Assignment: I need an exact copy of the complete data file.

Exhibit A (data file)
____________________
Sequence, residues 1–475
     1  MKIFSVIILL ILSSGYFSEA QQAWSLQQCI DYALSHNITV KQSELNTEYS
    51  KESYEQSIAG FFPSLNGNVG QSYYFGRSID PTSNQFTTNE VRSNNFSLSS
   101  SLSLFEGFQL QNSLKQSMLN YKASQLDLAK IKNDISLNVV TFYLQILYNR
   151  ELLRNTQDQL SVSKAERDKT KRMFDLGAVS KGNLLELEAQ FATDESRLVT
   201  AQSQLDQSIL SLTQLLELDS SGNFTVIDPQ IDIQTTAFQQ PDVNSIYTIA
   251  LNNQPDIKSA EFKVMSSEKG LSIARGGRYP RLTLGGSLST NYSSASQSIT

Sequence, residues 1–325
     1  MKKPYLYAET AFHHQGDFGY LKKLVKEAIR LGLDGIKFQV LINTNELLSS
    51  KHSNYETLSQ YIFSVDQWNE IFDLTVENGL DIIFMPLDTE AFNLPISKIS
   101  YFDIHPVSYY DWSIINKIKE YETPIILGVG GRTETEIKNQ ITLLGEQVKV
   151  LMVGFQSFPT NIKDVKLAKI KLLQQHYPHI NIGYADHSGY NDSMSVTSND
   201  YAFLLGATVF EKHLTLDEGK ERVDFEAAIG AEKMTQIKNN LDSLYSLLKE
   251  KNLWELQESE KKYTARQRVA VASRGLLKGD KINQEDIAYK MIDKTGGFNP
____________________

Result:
Sequence, residues 1–475
     1  MKIFSVIILL ILSSGYFSEA QQAWSLQQCI DYALSHNITV KQSELNTEYS
    51  KESYEQSIAG FFPSLNGNVG QSYYFGRSID PTSNQFTTNE VRSNNFSLSS
   101  SLSLFEGFQL QNSLKQSMLN YKASQLDLAK IKNDISLNVV TFYLQILYNR
   151  ELLRNTQDQL SVSKAERDKT KRMFDLGAVS KGNLLELEAQ FATDESRLVT
   201  AQSQLDQSIL SLTQLLELDS SGNFTVIDPQ IDIQTTAFQQ PDVNSIYTIA
   251  LNNQPDIKSA EFKVMSSEKG LSIARGGRYP RLTLGGSLST NYSSASQSIT

Sequence, residues 1–325
     1  MKKPYLYAET AFHHQGDFGY LKKLVKEAIR LGLDGIKFQV LINTNELLSS
    51  KHSNYETLSQ YIFSVDQWNE IFDLTVENGL DIIFMPLDTE AFNLPISKIS
   101  YFDIHPVSYY DWSIINKIKE YETPIILGVG GRTETEIKNQ ITLLGEQVKV
   151  LMVGFQSFPT NIKDVKLAKI KLLQQHYPHI NIGYADHSGY NDSMSVTSND
   201  YAFLLGATVF EKHLTLDEGK ERVDFEAAIG AEKMTQIKNN LDSLYSLLKE
   251  KNLWELQESE KKYTARQRVA VASRGLLKGD KINQEDIAYK MIDKTGGFNP